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Dumb, Dumber, and Dunning Kruger

one-way-street-582635_1280 I’ve heard people talk about Dunning Kruger so much I thought it was a country music duo.

Actually it's a cognitive bias—"the Dunning Kruger effect"—in which individuals who are relatively unskilled at a task have an illusion of superiority at it. In the words of psychologist David Dunning: “The incompetent are often blessed with an inappropriate confidence, buoyed by something that feels to them like knowledge.”

I can testify to the accuracy of the DK effect after watching US Presidential candidates huff and puff their way through complex foreign policy issues, with overweening certainty. What makes this tendency especially dangerous—whether it’s a business leader (or consultant!) always claiming to know the right strategy for a company or a political leader sounding off with a ready and simple answer to every world problem—is that people are attracted to leaders who exude complete confidence. And the less these individuals know, the more certain they are.

I saw plenty of this in my rock days. Players at the low end of the skill ladder thought their musicianship—or vocal ability or songwriting talent—was as good as that of the top acts. One redeeming aspect of this illusion is that it keeps many musicians in the game long enough to actually acquire the skills they need. (Hmm. Now I have to wonder about my own arrogance as a young musician...)


Does stress get a bad rap?

Stress Reading The Motivated Brain by Gayle Gregory and Martha Kaufeldt—referenced in my previous post—I was reminded of the Yerkes-Dodson Law of Arousal.

I’m sure you think about this all the time, but I had to re-familiarize myself with it. According to YD, increased arousal—stress, pressure—usually helps improve performance, up to a point.

Stress, pressure, or tension from pushing ourselves mentally, physically, or emotionally gets the juices flowing to help us produce the desired result. But too much stress can be overwhelm us and diminish productivity.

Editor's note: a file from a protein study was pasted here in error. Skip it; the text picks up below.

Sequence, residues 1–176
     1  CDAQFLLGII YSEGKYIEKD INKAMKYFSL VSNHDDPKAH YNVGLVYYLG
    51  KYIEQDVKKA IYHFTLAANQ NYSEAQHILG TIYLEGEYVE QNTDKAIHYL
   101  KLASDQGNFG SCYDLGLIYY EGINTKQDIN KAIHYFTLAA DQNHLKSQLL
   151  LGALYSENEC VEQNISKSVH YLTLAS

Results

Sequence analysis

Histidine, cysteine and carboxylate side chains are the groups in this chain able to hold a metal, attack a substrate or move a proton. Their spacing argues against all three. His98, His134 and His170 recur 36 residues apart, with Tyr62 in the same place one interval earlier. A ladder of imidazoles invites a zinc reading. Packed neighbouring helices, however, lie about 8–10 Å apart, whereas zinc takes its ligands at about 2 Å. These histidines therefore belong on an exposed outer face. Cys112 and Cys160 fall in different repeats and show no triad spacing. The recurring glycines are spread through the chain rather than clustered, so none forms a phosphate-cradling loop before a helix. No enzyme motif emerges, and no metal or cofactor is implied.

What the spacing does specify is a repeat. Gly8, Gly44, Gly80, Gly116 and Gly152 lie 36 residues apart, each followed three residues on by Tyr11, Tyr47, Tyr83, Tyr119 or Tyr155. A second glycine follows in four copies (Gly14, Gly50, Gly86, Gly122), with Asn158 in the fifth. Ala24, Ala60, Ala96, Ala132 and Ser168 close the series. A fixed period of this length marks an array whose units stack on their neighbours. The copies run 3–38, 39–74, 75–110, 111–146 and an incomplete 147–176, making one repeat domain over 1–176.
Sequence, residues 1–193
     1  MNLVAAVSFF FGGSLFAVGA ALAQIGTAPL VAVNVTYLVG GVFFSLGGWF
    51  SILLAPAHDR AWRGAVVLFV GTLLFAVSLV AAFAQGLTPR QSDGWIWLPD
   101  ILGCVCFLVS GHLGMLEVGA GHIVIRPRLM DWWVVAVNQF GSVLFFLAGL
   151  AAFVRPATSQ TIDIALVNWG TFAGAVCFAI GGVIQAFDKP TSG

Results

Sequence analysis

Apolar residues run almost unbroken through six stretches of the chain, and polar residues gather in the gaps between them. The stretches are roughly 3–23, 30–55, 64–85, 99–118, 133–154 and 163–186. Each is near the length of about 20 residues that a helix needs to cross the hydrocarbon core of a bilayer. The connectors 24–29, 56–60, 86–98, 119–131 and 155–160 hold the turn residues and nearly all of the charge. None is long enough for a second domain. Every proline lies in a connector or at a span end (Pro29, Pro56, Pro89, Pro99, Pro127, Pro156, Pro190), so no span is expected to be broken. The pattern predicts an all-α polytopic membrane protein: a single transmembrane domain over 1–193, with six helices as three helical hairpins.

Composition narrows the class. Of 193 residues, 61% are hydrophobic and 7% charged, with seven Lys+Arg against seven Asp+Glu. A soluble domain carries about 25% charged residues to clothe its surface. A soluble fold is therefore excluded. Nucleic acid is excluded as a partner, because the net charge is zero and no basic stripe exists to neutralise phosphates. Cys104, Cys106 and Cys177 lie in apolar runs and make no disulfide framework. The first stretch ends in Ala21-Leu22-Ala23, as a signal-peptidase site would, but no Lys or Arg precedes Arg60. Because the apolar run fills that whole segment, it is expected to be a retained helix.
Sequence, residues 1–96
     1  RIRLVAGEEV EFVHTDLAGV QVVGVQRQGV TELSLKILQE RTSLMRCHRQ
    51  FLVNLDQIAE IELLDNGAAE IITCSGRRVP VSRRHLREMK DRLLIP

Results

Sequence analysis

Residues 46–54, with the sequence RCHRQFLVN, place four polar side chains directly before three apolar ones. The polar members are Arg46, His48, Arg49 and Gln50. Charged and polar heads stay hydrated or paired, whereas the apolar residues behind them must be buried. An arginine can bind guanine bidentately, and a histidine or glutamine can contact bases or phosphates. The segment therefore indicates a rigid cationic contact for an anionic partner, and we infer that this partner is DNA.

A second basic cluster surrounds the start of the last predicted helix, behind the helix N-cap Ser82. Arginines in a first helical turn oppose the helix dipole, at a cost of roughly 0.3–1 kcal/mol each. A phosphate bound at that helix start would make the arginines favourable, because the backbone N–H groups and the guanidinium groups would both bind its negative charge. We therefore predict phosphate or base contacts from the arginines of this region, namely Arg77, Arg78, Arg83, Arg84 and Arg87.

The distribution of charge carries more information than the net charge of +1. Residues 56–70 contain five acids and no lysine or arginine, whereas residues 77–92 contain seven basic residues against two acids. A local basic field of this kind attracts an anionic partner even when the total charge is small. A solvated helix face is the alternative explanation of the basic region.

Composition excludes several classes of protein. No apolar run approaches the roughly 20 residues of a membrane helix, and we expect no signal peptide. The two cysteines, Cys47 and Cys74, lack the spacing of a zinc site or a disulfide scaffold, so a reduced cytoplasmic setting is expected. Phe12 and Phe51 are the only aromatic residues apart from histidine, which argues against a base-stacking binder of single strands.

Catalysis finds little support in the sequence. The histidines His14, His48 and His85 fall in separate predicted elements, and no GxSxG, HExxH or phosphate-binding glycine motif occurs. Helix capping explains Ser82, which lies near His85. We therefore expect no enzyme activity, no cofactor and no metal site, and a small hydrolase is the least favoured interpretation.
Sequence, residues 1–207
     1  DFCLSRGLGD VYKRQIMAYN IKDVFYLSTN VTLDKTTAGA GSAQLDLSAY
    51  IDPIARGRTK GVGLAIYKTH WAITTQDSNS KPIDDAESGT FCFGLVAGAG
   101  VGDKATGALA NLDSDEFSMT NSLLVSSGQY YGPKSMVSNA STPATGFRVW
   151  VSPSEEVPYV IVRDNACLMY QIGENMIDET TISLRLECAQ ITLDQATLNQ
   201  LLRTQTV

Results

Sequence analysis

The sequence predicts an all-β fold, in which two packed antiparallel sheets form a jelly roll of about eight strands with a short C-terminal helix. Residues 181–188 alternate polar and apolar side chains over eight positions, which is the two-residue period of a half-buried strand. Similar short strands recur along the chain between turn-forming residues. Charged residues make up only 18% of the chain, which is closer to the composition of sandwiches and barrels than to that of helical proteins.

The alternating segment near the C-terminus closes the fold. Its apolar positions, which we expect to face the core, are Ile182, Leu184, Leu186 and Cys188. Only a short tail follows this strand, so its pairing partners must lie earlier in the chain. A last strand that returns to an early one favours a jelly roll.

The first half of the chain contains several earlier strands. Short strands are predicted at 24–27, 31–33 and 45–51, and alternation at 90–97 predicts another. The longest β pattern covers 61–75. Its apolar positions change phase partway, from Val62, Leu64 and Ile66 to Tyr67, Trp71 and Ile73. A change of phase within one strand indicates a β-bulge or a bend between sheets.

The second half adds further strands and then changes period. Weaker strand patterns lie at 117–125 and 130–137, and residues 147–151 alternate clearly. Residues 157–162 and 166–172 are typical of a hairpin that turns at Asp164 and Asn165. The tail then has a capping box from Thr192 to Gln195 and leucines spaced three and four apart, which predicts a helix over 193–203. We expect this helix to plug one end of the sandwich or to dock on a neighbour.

In the music world I see performers play better when there’s something at stake. I can personally attest to the fact that playing in front of thousands at the Hollywood Bowl gets you going in a way that rehearsing in your garage doesn’t. (That might qualify as a “duh.”)


Where does motivation come from?

Motivation I recently gave a Skype talk on "business lessons from rock" for a group of CEOs, arranged though Trusted Peer, an online business network.

Hopefully, despite Skype disconnections that limited the length of the conversation, the audience learned a few things. I certainly did.

Hearing myself discuss the all-importance of employee enthusiasm and engagement—and the importance of loosening the reins of management to let this happen—I realized how crazy some of my ideas can sound to business leaders who have achieved major success by working in more traditional ways.

But the truth is business leaders tend to undervalue employee engagement—and the results show it. Gallup polls over the years consistently report that most workers are not emotionally engaged in their work, at a terrific cost to their employers.


Who serves whom?

I can't say I'm a big fan of Servant Leadership. The idea, in principle, sounds great: a leader or manager is a servant inasmuch as s/he "serves" the "followers." The leader or manager works for the team, the organization, etc.